Uzziah was wroth, very angry, but he still had the censor in his hand which means that he was still going to go ahead and burn incense, even though God’s appointed representatives had told him not to.

God smote Uzziah because he rebelled against God’s delegated authority.

The verse says, “while he was wroth with the priests.” “Who do you think you are to tell me what I am and am not allowed to do? Who put you in charge? I’M THE KING!!!”

Actually, God put the priests in charge.

God had a High Priest in charge long before he allowed Israel to have a king. And remember, it was the priests who anointed the king and, as Hebrews 7:7 says in relation to Melchizedek and Abram, “without a doubt the less is blessed by the greater.

We’ll look at the question of why Uzziah wasn’t allowed to offer incense shortly, but first, let’s look at another incident of someone rebelling against God’s authority hierarchy.

Numbers 12:1-10, “And Miriam and Aaron spoke against Moses because of the Ethiopian woman whom he had married: for he had married an Ethiopian woman. And they said, Hath the LORD indeed spoken only by Moses? Hath he not spoken also by us? And the LORD heard it. (Now the man Moses was very meek, above all the men which were upon the face of the earth.) And the LORD spake suddenly unto Moses, and unto Aaron, and unto Miriam, Come out ye three unto the tabernacle of the congregation. And they three came out. And the LORD came down in the pillar of the cloud, and stood in the door of the tabernacle, and called Aaron and Miriam: and they both came forth. And he said, Hear now my words: If there be a prophet among you, I the LORD will make myself known unto him in a vision, and will speak unto him in a dream. My servant Moses is not so, who is faithful in all my house. With him will I speak mouth to mouth, even apparently, and not in dark speeches; and the similitude of the LORD shall he behold: wherefore then were ye not afraid to speak against my servant Moses? And the anger of the LORD was kindled against them; and he departed. And the cloud departed from off the tabernacle; and, behold, Miriam became leprous, white as snow: and Aaron looked upon Miriam, and, behold, she was leprous.

Aaron and Miriam rebelled against the Lord’s designated authority (God had chosen Moses as the leader). The ‘reward’ for that rebellion was leprosy. In Miriam’s case temporary because of Aaron’s confession of their sin, and Moses’s intercession.

Let’s return now to Uzziah and ask another question.

What’s wrong with a king burning incense to the Lord?

When the angel Gabriel appeared to John the Baptist’s father Zecharias, and then six month’s later to Mary, they both asked what was essentially the same question; “How can this be? What you’ve said is not physically possible.”

In Mary’s case, she had a valid point; up until that time, virgins just didn’t get pregnant. But in Zechariah’s case, he was forgetting his history, because I’m pretty sure Abraham and Sarah were a lot older than him and Elizabeth. As an Israelite, let alone as a priest, he had no place asking that question. That is why Mary was blessed and Zechariah was struck dumb.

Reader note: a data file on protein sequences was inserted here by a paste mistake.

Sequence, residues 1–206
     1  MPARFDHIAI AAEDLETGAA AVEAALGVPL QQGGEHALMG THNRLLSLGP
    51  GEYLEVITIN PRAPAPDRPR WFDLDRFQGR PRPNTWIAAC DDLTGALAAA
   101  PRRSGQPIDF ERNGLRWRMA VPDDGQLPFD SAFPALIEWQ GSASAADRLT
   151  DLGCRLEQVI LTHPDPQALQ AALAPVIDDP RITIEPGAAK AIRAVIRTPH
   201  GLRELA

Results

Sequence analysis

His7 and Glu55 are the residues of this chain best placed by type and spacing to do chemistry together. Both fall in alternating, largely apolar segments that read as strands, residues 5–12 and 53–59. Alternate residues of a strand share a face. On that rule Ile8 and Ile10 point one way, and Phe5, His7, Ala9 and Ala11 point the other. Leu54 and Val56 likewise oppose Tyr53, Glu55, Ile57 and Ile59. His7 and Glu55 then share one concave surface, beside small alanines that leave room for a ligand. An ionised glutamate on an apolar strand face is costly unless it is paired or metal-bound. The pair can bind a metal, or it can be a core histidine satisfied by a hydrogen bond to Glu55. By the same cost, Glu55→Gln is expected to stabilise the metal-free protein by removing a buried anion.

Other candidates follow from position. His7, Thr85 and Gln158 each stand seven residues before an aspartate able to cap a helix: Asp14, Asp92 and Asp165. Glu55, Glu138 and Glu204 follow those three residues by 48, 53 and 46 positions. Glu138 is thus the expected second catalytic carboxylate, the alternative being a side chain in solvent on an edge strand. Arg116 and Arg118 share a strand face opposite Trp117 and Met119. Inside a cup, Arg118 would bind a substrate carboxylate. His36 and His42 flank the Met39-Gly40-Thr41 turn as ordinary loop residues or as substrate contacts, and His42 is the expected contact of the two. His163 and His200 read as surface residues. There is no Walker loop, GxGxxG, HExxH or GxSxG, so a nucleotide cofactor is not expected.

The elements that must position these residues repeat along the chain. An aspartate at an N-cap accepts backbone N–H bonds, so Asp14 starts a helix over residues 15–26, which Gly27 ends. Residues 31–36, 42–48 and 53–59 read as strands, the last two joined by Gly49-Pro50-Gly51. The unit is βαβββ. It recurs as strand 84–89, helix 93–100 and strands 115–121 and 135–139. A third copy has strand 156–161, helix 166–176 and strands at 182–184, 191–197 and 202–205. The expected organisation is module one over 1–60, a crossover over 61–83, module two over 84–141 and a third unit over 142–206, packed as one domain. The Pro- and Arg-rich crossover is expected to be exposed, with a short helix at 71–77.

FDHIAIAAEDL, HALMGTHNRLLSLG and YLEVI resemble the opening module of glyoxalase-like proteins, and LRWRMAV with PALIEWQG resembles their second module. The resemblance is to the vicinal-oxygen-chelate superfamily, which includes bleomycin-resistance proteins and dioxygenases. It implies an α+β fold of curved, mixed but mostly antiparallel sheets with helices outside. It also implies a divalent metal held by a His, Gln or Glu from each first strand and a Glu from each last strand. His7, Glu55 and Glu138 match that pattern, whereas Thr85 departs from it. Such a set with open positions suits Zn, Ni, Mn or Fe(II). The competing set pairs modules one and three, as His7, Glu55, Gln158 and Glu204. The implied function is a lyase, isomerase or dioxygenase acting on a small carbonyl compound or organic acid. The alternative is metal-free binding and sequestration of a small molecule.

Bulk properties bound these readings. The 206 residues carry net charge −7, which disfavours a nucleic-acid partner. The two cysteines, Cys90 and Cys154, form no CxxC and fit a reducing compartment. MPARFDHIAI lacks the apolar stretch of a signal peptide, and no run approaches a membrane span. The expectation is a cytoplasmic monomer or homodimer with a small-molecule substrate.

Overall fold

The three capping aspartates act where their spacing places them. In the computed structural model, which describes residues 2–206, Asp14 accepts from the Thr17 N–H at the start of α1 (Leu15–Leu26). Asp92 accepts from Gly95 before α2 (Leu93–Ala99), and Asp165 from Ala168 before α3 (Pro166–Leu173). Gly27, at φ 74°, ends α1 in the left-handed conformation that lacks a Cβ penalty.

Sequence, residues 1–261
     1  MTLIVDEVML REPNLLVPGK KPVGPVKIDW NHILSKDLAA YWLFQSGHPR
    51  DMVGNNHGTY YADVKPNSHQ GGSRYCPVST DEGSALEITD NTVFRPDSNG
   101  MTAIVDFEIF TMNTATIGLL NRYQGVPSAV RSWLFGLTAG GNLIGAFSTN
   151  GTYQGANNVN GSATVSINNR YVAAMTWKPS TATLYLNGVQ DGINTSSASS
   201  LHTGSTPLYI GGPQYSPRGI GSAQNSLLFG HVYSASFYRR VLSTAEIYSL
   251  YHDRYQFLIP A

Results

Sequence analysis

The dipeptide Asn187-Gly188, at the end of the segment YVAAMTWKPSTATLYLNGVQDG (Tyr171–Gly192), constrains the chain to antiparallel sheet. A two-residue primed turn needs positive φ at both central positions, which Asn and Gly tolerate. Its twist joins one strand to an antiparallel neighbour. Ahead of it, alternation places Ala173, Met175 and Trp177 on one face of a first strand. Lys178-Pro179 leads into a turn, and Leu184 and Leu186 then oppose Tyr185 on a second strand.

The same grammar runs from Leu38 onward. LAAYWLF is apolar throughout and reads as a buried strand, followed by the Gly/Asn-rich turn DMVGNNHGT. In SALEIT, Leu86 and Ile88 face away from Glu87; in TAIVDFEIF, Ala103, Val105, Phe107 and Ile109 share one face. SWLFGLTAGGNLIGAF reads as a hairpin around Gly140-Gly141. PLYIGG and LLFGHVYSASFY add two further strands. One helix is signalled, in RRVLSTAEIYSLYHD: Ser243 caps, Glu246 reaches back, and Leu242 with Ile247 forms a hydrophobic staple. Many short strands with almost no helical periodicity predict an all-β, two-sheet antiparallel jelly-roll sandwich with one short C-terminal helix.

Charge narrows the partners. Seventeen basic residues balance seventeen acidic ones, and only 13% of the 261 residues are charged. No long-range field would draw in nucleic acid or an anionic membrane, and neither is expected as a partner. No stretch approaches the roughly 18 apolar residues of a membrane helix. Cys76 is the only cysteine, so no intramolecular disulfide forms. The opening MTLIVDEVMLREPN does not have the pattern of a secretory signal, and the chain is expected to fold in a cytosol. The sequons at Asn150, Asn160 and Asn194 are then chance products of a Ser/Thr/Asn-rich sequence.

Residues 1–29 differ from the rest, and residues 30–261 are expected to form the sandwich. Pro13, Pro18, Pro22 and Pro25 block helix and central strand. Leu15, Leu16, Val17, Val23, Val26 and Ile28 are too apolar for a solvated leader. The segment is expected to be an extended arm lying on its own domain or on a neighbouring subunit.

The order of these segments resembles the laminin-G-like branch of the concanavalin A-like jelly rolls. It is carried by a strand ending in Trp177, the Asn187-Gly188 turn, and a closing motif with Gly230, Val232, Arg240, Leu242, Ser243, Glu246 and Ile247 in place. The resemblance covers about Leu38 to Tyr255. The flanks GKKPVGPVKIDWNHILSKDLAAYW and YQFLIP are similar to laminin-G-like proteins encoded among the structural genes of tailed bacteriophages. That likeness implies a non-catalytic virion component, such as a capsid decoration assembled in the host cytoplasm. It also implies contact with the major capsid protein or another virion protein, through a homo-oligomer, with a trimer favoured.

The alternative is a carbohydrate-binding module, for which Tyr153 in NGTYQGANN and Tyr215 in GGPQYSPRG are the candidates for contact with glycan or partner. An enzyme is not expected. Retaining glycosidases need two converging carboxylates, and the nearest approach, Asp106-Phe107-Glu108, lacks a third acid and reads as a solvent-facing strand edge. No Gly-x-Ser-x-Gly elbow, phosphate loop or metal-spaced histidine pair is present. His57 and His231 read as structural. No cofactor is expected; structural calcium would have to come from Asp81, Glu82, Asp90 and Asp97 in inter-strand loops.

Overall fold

Uzziah had obviously forgotten what had happened to Israel’s first king when he overstepped his authority at Gilgal and sacrificed before the Lord. You can read the account in 1 Samuel 13. Because Saul did something he knew he shouldn’t do, (and in his case, in strict disobedience to previous instructions from Samuel), God stripped him of the kingdom.

Uzziah, being the god-fearing son of a god-fearing father, should have remembered his place. It was not for him to burn incense to the Lord.

But here’s the big question: Why not?

The short answer is: Because it wasn’t his privilege to do so. It was the privilege of the descendants of Aaron, of the tribe of Levi.

Now we get into territory that the average Christian doesn’t even think about. And even those of us who have read the Bible many times tend to breeze over details like this.

Why Levi?

Why were the Levite’s the only tribe that was allowed to minister in the Tabernacle (and later the temple)?

The answer lies in the book of Exodus and the case of the golden calf. It would be a good idea to reacquaint yourself with the story, as it is too long to reprint here. You can find it in Exodus 32.

Let me share one verse here.

Exodus 32:26, “Then Moses stood in the gate of the camp, and said, Who is on the LORD’S side? let him come unto me. And all the sons of Levi gathered themselves together unto him.

It is possible that the Levites had not taken part in the idolatry. It is more probable, though, that they were quick to recognise that they had sinned before the Lord and immediately consecrated themselves – set themselves apart – to ONLY worship the Lord.

And so God accepted that and gave them the great privilege of serving him in the temple.

Numbers 8:16-18 says that God told Moses: “For they [the Levites] are wholly given over to Me from among the children of Israel; instead of those that open the womb all the firstborn of Israel I have taken them for Myself . . .

The Levites got no land inheritance, their reward was that they, and only they, were allowed to participate in the duties of the tabernacle and later the temple. That meant folding the curtains, sweeping the floor, and carrying the trays and basins when the camp moved. “Oh yay,” we would say sarcastically, “what a privilege.”

And yet they thought it so.

Look at what the Psalmist says: